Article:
Straight steel. I also did clean exceptionally well to help elimante the jacketed bullet fouling based on recommendations I read elsewhere.
I also scrubbed the barrel out before shooting jacketed bullets.
Friiguy
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Posted: 2/3/2009 4:02:06 PM
Originally Posted By abpt1:
OK how hard are you bullets? You may want to add some tin,adamony,linotype ... if you alloy it correctly you can achieve a 26 bnh with out it getting brittle ......and actual will find little to no leading and ad achieve a good deal of FPS with no worries ..... The way I cast is in a much larger pot and one drop of water would be BAD...SO I AM JUST SAYNG BE VERY CAREFUL !

Also this does happen even with regular JHP bullets.......






Originally Posted By Friiguy:
snip




I am water dropping wheel weights and they ar pretty hard, but I do intendt to play with the alloys at some point.


Friiguy
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Posted: 3/17/2009 3:32:38 PM
[Last Edit: 3/17/2009 3:39:21 PM by Friiguy]
Bump.

Bet this will look more appealing now since bullet costs are so high.

Edit:

My cost to shoot 150 rounds this last weekend, $1.485

Primer: $0.02
Brass: $0
Powder: $0.054
Gas Check: $0.025 (Going to start making my own to be even cheaper!)
Lead: $0
Total per round: $0.099


Keith_J
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Posted: 3/17/2009 6:11:27 PM
Great job! Yeah, them little bullets are a PITA to cast, size, lube and seat gas checks.

Quantum Mechanical Engineer

Ars sine scientia nihil est
dryflash3
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Posted: 3/17/2009 10:01:07 PM
Good post Friiguy I enjoyed reading it.

Can't wait for warmer weather to start casting again.
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david_g17
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Posted: 3/18/2009 10:18:31 AM
Originally Posted By Friiguy:


My cost to shoot 150 rounds this last weekend, $1.485



very nice!
kevins_garage
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Posted: 3/18/2009 12:24:11 PM
Originally Posted By Friiguy:
My final cost per bullet including the lube, gas check and electricity/propane is probably less than .05 per bullet. I enjoy doing something after work outside for at least an hour or two just to unwind, so this hobby helps me with that. If I were to count time needed to smelt wheelweights, convert to bullets, lube and size and then reload I doubt I would find it worth it. So I lie to myself and in the end look at all the bullets I made and pretend I just ordered it in for pennies on the dollar. [/span]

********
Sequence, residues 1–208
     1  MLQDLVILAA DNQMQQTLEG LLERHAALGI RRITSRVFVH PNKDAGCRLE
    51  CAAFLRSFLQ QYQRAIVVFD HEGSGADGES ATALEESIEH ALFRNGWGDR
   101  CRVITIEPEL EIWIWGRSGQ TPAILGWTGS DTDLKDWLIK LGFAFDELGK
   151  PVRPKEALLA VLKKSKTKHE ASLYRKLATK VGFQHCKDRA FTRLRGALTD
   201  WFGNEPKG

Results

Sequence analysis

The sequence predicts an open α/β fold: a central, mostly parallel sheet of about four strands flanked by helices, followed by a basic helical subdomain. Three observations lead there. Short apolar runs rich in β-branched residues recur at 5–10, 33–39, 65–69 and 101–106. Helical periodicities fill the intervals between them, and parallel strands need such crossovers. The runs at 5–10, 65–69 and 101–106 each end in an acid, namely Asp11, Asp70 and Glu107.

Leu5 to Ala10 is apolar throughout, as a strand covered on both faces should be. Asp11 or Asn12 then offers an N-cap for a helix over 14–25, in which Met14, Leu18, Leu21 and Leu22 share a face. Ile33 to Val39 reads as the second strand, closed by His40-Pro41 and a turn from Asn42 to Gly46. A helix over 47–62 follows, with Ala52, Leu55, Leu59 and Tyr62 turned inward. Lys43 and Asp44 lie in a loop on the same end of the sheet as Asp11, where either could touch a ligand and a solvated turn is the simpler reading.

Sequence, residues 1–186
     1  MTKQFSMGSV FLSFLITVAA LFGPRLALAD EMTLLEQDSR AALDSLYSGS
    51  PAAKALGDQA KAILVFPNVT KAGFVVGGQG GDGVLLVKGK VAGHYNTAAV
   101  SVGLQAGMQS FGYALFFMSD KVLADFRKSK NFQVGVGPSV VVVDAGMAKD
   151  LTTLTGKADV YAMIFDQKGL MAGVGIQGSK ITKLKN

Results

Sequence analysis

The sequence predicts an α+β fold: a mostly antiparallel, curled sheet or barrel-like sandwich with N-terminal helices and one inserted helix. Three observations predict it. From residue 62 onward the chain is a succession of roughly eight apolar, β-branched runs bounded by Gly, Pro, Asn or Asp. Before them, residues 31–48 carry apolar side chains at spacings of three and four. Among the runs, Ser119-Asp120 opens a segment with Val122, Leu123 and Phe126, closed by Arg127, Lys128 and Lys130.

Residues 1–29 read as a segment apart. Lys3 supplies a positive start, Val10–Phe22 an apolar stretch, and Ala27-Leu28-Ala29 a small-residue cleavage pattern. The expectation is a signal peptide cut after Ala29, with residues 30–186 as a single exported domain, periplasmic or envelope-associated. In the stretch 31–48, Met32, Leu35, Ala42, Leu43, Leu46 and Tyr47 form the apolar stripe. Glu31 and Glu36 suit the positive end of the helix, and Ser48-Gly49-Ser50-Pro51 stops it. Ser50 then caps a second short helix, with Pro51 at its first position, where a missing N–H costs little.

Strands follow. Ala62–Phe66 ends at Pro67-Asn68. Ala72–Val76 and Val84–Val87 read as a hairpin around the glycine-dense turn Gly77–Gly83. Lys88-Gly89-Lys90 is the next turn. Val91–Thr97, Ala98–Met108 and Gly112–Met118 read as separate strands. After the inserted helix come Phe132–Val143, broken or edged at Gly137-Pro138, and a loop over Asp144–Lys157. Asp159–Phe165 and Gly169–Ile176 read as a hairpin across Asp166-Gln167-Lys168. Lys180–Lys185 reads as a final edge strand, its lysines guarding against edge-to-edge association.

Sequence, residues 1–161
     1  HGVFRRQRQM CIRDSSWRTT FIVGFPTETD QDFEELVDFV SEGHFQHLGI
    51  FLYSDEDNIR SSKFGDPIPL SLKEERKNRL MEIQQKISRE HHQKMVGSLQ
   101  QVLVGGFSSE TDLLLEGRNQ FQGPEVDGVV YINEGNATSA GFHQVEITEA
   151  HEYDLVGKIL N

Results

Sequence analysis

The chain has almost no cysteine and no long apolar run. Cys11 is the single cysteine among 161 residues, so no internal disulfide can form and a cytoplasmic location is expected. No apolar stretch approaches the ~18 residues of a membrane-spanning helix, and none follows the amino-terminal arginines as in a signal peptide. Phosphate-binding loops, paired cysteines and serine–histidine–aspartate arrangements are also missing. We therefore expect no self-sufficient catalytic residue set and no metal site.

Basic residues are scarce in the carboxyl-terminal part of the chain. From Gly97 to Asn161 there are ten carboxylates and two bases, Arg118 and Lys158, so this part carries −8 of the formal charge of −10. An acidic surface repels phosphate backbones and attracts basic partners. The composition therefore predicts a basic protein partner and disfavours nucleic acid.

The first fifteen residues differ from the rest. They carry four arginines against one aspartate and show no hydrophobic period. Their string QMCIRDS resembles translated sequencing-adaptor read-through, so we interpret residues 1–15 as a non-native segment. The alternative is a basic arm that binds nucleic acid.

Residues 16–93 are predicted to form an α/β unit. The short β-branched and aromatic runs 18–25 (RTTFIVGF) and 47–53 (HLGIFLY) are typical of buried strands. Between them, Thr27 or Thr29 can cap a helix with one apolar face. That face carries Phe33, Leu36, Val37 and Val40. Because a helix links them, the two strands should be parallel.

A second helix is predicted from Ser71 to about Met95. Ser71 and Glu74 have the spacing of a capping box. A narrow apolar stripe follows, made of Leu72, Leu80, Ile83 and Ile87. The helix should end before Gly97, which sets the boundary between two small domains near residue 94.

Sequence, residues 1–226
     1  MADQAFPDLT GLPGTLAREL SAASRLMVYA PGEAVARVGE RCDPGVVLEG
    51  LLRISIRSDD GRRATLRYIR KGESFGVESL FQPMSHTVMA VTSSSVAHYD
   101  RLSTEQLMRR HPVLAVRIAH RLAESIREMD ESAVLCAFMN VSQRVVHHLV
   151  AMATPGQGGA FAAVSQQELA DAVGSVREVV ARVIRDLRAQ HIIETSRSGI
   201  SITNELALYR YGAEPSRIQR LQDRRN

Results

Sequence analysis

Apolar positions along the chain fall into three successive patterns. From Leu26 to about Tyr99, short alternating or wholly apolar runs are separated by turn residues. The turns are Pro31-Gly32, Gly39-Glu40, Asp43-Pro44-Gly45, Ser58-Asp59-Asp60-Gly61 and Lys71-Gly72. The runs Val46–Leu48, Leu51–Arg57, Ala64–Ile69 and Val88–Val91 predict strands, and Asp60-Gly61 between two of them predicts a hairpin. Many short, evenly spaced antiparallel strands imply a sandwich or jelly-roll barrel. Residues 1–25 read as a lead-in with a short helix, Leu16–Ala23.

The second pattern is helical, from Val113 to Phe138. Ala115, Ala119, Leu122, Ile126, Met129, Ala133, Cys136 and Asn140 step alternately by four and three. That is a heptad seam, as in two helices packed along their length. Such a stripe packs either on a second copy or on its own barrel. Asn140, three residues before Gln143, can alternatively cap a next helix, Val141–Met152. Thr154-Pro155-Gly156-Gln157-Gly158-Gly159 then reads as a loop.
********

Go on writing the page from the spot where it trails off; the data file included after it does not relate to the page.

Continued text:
Originally Posted By Friiguy:
Bump.

Bet this will look more appealing now since bullet costs are so high.

Edit:

My cost to shoot 150 rounds this last weekend, $1.485

Primer: $0.02
Brass: $0
Powder: $0.054
Gas Check: $0.025 (Going to start making my own to be even cheaper!)
Lead: $0
Total per round: $0.099


Not that it matters that much, but apparently your calculator "lies" to you also.

$0.099 x 150 = $14.85, not $1.485
Friiguy
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Posted: 3/18/2009 2:00:47 PM
Originally Posted By kevins_garage:
Originally Posted By Friiguy:
My final cost per bullet including the lube, gas check and electricity/propane is probably less than .05 per bullet. I enjoy doing something after work outside for at least an hour or two just to unwind, so this hobby helps me with that. If I were to count time needed to smelt wheelweights, convert to bullets, lube and size and then reload I doubt I would find it worth it. So I lie to myself and in the end look at all the bullets I made and pretend I just ordered it in for pennies on the dollar. [/span]



[span style='font-weight: bold;']Originally Posted By Friiguy:[/span]
Bump.

Bet this will look more appealing now since bullet costs are so high.

Edit:

[span style='font-weight: bold;']My cost to shoot 150 rounds this last weekend, $1.485 [/span]

Primer: $0.02
Brass: $0
Powder: $0.054
Gas Check: $0.025 (Going to start making my own to be even cheaper!)
Lead: $0
Total per round: $0.099


Not that it matters that much, but apparently your calculator "lies" to you also.

$0.099 x 150 = $14.85, not $1.485


No, I just cant type...

AeroE
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Posted: 3/18/2009 9:54:27 PM
BTT, just because
It's true, Obama is the Leader of Fools deluded to believe, "Everything is going to change now".
As for me, I will embrace what is Right more tightly than ever.


1 lbf = 32.174 lbm-ft/sec^2
Keith_J
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Posted: 4/8/2009 11:31:29 AM
Richard Lee's Modern Reloading, Second Edition, covers cast bullet alloy and leading relationship. He found that as long as the peak pressure is kept under the ultimate stress of the alloy selected, leading will not be an issue. This was contrary to the old wisdom of using light charges of fast propellents to keep velocity down. Well, fast powders CAN generate pressure fast enough to exceed the pressure limitation of the bullet, causing leading.

But a normal powder, charged at reasonable levels, can be under the critical pressure and still have plenty port pressure to cycle the AR action. Now you probably won't get but 2600 FPS from a 20" barrel but they will still make it to 200 rards or more, easily. And because the peak pressure is lower, the barrel will last much longer. Less powder will be used. More ammo, less money. And that is a great thing.
Quantum Mechanical Engineer

Ars sine scientia nihil est